Rikers Detainees’ Attorneys will Ask the Judge to Impose Federal Control
Lawyers representing Rikers Island detainees plan to petition a federal judge to seize control of the prison complex from New York City. The hearing might be critical.
In a letter, a federal officer monitoring the island detention centre revealed the attorneys’ objective. It is where most of the city’s inmates are located. The letter might be the first step in a long process that decides the destiny of Rikers.
Situation Worsened Dramatically
Judge Laura T. Swain decides whether to appoint a receiver to operate the city’s prisons. As of Monday, the city, the DOJ, and the monitor, Steve J. Martin, were not in favour of appointing a receiver. On Thursday, the parties will debate the complex.
The Justice Department said that it might ask for a receiver along with the lawyers for the inmates or ask for other steps to fix Rikers.
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18 individuals will die in NYC prisons in 2022. Mr. Martin’s October research revealed that monthly stabbing and cutting rates “rose tremendously” in 2021 and 2022.
The use of force by correctional officials on inmates, an issue the monitor was installed to address in 2015, is also greater than seven years ago.
Peaked in September 2021
Persistent employee absenteeism started during the coronavirus epidemic. According to the monitor’s assessment, the situation peaked in September 2021, when 2,000 of 8,000 employees called in sick daily.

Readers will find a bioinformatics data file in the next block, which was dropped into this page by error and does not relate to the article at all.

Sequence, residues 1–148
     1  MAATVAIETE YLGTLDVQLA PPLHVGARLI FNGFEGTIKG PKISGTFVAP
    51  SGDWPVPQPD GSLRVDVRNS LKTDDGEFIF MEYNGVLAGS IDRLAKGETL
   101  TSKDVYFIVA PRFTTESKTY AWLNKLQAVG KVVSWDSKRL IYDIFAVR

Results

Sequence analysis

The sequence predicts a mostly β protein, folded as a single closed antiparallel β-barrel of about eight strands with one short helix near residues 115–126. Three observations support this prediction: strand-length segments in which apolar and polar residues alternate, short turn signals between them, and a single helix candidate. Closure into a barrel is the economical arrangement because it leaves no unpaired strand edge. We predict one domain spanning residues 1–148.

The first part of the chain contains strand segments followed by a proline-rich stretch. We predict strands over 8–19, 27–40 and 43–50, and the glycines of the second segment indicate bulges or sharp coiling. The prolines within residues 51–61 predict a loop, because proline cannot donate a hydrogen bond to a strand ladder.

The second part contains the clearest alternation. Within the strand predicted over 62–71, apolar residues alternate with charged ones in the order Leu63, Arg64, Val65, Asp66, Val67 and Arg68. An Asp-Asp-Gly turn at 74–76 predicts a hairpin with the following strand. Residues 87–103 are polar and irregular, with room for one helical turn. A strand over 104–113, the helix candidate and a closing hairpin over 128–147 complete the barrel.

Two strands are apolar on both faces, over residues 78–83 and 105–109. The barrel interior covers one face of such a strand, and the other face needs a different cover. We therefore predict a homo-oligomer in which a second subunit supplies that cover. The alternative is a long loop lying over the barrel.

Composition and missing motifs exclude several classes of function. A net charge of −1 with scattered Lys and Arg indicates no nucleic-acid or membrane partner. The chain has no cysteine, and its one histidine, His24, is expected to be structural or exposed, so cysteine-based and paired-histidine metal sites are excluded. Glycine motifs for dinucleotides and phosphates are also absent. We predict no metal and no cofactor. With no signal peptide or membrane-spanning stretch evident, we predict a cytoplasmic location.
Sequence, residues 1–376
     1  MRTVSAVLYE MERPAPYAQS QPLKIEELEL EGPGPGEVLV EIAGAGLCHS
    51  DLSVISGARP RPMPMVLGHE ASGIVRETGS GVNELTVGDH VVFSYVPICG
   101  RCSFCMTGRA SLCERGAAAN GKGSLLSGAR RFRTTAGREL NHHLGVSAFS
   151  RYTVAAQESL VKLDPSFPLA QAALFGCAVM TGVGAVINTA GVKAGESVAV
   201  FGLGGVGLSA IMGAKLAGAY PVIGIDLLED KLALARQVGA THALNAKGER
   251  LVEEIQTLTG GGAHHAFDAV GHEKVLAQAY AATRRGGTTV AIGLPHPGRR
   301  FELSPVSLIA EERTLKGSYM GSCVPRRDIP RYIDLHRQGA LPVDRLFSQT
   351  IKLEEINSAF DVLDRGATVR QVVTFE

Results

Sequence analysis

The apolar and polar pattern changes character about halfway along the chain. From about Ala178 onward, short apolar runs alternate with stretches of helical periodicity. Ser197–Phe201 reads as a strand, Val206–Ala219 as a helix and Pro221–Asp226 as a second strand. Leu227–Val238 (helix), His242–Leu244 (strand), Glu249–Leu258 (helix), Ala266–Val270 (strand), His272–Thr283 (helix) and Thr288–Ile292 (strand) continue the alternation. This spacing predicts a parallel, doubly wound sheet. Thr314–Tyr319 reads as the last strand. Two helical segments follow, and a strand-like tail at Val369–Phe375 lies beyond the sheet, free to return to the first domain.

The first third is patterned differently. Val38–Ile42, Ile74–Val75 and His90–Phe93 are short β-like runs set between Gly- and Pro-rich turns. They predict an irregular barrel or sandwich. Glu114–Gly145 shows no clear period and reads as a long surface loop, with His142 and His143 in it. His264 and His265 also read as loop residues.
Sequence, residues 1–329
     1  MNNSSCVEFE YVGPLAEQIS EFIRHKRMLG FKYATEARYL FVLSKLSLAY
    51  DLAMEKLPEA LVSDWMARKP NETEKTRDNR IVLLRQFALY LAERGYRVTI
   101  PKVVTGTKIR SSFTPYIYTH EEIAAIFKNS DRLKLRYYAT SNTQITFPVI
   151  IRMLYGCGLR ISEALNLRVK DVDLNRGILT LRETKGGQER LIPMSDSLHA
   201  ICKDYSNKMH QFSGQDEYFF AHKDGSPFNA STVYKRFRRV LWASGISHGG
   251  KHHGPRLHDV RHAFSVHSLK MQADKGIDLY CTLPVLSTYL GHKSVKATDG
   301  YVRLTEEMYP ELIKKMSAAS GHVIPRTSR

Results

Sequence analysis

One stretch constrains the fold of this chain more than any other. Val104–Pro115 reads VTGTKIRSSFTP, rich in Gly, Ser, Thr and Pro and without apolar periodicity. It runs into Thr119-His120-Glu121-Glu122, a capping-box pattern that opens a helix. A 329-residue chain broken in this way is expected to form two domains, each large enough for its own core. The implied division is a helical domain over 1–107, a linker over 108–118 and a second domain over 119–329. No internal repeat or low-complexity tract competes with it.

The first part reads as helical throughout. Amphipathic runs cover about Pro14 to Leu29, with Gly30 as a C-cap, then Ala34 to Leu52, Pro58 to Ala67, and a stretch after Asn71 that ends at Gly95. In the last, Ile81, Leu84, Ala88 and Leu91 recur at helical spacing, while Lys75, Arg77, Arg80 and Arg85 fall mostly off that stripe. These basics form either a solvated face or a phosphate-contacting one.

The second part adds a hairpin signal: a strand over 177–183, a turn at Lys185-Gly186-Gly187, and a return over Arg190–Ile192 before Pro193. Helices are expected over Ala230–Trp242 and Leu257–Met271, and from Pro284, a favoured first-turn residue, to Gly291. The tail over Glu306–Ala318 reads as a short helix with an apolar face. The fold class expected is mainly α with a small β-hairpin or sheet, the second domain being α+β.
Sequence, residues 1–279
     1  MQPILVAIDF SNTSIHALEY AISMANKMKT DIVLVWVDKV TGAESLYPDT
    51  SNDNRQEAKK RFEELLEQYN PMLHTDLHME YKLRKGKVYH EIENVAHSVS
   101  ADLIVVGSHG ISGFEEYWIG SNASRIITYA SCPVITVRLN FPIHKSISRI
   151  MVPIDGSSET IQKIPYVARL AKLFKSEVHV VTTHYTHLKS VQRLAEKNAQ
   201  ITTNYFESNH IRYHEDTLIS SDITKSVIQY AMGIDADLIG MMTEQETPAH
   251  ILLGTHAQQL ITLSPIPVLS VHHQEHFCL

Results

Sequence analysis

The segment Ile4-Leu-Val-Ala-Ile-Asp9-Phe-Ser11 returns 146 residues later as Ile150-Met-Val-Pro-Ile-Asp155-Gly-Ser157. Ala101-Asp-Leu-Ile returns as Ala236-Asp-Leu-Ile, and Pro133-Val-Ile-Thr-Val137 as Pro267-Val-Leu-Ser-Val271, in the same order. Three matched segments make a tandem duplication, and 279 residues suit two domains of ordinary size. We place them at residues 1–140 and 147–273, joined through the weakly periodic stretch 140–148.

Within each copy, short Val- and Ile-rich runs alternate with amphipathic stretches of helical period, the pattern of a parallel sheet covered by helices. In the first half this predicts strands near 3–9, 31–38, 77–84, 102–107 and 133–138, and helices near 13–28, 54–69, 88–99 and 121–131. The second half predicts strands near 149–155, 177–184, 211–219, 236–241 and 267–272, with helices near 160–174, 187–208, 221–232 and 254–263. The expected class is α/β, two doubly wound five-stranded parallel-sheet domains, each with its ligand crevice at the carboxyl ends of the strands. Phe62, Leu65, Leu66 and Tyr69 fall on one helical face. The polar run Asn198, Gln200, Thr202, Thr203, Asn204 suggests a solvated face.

Under new prisons commissioner Louis A. Molina, the situation has improved. But roughly 800 workers, or 12 percent of the labour force, still don’t show up for work, the study revealed.
Without enough personnel, inmates’ fundamental needs aren’t satisfied, and prisons don’t run well. Federal prosecutors in Brooklyn accused three policemen of lying about being ill while collecting pay.
Can’t Hire Non-Union Members
Some critics of Mr. Molina’s leadership say a takeover would help Rikers. The monitor doesn’t have much direct control over Rikers Island.
But a receiver would be able to get around institutional problems, such as a union contract that gives correction officers unlimited sick leave. A state law says the city can’t hire non-union members for certain jobs.
Still, prisoners’ attorneys from the Legal Aid Society’s prisoner’s rights project and Emery Celli Brinckerhoff, Abady Ward, and Maazel aren’t promised victory in their campaign for a new authority to administer Rikers Island.
Eric Adams and Jose Molina opposed a receiver. During a May conference in front of Judge Swain, Mr. Molina said, “Change must come from the inside.”
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Mr. Martin has voiced confidence in Mr. Molina, praising him for his “courage to make controversial reforms” and “creativity in tackling decades-old issues.”
And the law says that Judge Swain can only put someone in charge of a jail as a last resort, after all other options for jail reform have been tried.
Judge Dismissed the Plea
Prisoners’ counsel asked Judge Swain for a deadline to pursue contempt and a receiver in May.
Judge Swain rejected the plea, saying a municipal action plan will tackle Rikers’ “ongoing issue.”
The court said extra procedures may be needed if city officials don’t “fulfil their commitments and make rapid adjustments.”
This week, she may let the convicts’ lawyers proceed with their application for receivership or stop them, allowing the city to run Rikers Island.